Published: Scribner, October 2018
My rating: 2/5 stars
”Everything leads to this, he thought. To this elevation. If it’s how dying feels, everyone should be glad to go.”
Elevation is the latest novella by famous horror author Stephen King, and was unfortunately a grave disappointment to me. It tells the story of Scott Carey, your typical goodie-two-shoes-guy next-door, who is afflicted with a mysterious condition. Although he doesn't look any different, he has steadily and progressively been losing weight. Moreover, he weights the same in his clothes and out of them, no matter how heavy they are, and everything he picks up seems to instantly loose its weight too. We follow him over the course of months in which the condition changes not only his life, but also that of the other people in his small town.
The reason for my rating can be pretty much summed up in two questions:
1. Why did this have to be released as separate (20 euro!) novel?
2. Who on Gods green earth decided this book belonged in the horror genre?
Let’s start with the first question, as it’s the one that brought my rating down the most. Elevation is, based on both length and depth, barely more than a short story/novella. If I had read it as such, it would probably have gotten 3 stars from me. Not a bad read, just nothing special. The characters are quite stereotypical and one dimensional, and the story has only one interesting hook (the weight loss mystery) to go off. Although this “hook” was what kept me reading until the end, it wasn’t enough to keep my engaged for over 100 pages. (view spoiler)
I enjoyed the vibe and the weirdness of the story, and I would have loved to see this in a bundle with other, similar stories by Stephen King. On its own however, I don’t see how this story justifies a 20 euro full release.
My second question is one that has been asked by many others before me, following the Goodreads Choice Awards, where Elevation took home the title of “Best Horror of 2018”. The problem is: this book is about as far away from a horror story as you can get. It’s actually closer to a feelgood story, a little too sweet and clichéd to my taste.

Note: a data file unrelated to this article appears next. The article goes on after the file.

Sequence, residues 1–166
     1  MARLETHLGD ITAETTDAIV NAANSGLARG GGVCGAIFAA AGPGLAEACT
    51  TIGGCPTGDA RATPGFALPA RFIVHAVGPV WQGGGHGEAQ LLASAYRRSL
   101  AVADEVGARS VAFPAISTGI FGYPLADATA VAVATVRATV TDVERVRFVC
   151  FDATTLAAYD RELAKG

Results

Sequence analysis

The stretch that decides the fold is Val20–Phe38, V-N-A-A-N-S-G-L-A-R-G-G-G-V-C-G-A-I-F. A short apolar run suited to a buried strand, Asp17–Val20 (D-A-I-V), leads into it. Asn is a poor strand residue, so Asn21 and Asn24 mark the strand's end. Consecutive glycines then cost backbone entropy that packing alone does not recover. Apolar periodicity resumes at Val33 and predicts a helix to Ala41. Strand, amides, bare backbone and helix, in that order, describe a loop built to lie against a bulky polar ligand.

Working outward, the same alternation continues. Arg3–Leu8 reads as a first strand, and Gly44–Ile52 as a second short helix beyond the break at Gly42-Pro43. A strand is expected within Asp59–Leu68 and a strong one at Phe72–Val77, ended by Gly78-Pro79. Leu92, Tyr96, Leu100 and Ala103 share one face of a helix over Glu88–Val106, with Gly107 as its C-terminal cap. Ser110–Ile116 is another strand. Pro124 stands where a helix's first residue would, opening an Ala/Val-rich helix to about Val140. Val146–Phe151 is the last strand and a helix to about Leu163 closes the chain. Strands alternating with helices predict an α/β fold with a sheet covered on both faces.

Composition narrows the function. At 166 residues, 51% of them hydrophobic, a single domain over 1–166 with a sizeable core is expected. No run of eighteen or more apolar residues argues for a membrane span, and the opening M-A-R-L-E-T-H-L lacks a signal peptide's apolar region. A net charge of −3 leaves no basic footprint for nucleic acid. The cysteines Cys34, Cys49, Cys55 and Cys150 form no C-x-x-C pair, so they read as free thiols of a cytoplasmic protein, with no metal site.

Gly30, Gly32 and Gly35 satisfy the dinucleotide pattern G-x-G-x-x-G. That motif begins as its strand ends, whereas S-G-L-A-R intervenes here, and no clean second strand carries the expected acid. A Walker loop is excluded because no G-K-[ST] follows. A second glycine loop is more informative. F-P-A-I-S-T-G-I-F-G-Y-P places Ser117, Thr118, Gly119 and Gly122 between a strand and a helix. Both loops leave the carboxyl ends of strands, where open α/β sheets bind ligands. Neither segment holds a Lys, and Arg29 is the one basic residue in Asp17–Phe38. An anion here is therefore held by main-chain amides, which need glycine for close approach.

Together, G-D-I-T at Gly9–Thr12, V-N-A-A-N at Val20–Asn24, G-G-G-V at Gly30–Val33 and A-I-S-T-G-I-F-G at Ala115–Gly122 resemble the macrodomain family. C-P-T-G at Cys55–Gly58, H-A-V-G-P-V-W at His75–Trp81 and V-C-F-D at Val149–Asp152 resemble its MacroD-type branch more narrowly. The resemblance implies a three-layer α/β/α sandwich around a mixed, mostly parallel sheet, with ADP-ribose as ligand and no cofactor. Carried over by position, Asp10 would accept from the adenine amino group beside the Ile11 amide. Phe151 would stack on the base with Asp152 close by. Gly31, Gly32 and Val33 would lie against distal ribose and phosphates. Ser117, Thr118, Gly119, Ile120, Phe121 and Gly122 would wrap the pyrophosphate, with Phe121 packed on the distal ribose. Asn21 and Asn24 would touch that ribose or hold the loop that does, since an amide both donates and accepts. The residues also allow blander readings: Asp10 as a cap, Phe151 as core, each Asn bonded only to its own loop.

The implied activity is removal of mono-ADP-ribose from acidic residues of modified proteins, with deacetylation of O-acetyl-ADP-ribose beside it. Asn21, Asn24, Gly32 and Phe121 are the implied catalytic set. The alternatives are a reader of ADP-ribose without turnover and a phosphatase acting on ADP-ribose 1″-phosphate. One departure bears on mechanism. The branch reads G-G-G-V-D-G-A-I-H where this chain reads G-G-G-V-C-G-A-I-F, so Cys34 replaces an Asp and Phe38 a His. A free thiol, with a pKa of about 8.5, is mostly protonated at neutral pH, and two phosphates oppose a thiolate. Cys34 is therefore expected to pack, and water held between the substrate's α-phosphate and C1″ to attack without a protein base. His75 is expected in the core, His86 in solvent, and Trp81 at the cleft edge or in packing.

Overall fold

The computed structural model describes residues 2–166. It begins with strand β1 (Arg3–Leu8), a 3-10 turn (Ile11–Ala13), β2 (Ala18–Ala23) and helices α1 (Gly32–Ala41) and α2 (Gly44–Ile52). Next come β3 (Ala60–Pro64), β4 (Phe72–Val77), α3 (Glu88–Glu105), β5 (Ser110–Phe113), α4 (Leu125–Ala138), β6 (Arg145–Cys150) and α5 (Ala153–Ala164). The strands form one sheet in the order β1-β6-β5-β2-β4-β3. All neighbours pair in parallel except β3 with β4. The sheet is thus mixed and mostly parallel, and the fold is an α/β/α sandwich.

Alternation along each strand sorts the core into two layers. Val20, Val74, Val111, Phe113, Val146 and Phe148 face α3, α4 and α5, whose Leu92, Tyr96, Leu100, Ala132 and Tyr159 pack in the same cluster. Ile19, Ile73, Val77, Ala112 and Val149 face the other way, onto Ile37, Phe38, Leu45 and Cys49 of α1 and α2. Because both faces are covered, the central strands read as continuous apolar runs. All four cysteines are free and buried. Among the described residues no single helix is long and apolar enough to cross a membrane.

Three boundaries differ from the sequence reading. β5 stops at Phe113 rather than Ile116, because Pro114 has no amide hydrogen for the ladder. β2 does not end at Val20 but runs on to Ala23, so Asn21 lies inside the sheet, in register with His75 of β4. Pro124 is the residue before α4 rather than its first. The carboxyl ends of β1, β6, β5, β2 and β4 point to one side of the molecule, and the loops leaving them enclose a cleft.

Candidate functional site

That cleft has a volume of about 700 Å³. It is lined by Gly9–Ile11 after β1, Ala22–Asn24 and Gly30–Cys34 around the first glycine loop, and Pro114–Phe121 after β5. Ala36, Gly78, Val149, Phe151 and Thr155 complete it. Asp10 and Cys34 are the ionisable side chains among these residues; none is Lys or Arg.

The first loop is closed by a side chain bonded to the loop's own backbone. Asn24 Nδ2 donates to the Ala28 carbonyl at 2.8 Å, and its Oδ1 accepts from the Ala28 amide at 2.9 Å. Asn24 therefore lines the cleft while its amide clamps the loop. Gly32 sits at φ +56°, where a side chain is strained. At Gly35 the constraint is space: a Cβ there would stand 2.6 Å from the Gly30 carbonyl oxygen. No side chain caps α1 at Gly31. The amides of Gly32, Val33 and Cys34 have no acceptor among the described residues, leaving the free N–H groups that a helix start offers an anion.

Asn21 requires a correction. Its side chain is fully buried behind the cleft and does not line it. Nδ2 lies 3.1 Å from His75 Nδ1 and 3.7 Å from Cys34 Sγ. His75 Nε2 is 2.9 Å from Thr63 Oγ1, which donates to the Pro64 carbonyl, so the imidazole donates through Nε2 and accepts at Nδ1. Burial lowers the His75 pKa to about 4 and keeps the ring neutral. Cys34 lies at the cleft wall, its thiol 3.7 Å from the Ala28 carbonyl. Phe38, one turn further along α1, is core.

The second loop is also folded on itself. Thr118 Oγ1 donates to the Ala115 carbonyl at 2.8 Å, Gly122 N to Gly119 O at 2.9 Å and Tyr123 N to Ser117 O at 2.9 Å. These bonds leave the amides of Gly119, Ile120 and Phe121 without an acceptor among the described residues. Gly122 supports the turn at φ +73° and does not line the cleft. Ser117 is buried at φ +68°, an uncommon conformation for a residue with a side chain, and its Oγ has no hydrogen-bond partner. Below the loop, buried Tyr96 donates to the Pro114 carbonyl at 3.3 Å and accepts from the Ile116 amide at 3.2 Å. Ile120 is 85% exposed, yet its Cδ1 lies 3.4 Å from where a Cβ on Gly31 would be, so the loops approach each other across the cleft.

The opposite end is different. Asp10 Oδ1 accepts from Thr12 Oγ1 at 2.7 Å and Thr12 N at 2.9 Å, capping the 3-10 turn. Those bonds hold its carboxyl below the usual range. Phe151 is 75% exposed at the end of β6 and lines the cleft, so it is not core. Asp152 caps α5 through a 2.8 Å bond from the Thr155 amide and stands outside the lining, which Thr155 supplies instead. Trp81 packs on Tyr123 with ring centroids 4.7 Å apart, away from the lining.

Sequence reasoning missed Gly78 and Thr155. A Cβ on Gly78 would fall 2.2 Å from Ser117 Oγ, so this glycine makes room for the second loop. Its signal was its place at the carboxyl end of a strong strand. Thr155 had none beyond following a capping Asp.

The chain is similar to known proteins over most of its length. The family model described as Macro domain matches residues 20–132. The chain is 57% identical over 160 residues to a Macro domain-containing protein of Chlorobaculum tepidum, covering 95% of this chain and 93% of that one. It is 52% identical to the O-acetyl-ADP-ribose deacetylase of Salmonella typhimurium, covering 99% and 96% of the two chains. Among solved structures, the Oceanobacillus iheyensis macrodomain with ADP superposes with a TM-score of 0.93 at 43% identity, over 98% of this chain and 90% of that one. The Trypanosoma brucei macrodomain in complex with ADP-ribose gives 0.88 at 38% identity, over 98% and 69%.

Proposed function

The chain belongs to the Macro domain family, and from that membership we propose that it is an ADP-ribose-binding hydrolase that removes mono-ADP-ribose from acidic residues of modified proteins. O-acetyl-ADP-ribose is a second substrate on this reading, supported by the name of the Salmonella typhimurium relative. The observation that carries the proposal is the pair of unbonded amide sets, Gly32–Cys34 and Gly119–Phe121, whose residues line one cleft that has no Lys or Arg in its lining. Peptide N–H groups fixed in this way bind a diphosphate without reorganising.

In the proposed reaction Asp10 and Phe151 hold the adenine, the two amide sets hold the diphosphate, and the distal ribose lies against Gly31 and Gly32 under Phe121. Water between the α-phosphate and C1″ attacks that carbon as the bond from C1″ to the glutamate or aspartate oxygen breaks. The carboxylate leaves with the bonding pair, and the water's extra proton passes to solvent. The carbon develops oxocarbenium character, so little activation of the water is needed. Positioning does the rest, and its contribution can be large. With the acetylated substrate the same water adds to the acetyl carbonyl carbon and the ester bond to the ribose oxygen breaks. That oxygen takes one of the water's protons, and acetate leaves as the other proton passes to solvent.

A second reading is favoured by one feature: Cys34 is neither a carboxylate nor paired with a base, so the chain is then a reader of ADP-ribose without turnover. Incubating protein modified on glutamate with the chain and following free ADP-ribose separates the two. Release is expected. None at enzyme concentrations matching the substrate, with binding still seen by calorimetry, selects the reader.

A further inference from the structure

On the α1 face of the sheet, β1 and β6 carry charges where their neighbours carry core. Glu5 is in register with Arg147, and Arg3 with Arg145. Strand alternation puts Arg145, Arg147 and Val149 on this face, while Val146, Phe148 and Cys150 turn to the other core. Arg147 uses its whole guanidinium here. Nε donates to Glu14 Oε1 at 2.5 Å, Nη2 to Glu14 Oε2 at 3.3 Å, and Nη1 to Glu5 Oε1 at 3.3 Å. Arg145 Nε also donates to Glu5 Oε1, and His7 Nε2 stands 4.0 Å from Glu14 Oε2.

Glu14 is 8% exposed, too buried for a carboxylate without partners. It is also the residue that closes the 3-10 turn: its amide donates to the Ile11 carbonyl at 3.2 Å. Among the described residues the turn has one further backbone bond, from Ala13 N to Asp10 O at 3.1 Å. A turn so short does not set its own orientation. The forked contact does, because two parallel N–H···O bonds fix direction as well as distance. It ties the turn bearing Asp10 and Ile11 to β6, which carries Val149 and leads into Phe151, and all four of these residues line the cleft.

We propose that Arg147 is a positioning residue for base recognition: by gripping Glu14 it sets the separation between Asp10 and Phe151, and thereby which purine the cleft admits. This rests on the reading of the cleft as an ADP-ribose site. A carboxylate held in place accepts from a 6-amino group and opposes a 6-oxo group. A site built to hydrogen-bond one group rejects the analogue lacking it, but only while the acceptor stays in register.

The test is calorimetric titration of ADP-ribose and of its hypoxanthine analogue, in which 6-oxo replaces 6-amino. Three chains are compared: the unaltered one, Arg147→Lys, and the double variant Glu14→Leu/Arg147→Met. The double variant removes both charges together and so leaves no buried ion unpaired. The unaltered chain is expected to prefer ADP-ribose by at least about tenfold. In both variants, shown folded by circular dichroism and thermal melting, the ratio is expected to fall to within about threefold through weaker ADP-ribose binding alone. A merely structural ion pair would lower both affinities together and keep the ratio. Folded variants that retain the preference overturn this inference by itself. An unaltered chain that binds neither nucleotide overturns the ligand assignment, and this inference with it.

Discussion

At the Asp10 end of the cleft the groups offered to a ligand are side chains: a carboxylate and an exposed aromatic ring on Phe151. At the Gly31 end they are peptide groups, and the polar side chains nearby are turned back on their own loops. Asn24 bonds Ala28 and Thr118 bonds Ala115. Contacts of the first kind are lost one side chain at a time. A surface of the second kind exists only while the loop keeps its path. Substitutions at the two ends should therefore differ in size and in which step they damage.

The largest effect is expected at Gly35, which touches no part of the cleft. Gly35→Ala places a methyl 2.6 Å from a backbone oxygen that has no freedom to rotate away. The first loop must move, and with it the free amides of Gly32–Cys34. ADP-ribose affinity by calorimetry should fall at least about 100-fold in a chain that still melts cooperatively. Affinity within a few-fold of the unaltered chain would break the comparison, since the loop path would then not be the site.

I can’t blame the Goodreads team though, as this book is being marketed, labeled and sold as a “horror novella” everywhere, most likely just because Stephen Kings name is on it.
From a marketing perspective, this makes perfect sense: “horror-novel by Stephen King” is going to sell more copies than “surrealist feel-good short story by Stephen King”. From a customer-satisfaction standpoint, it doesn’t make sense, as you are setting the wrong people up to buy this book. People who will inevitably be disappointed, based on their expectations, just as I was.
If you go into this with the right expectations (a non-scary feelgood story, written by an author who happens to also write creepy horror novels), you might enjoy this one. The story is nothing special in my opinion, but it’s far from bad. The cover is an absolute stunner though, and will for sure draw some eyes. (Especially when your library puts it on upside down, but as you may have seen, that’s a different story…)
Find this book on Goodreads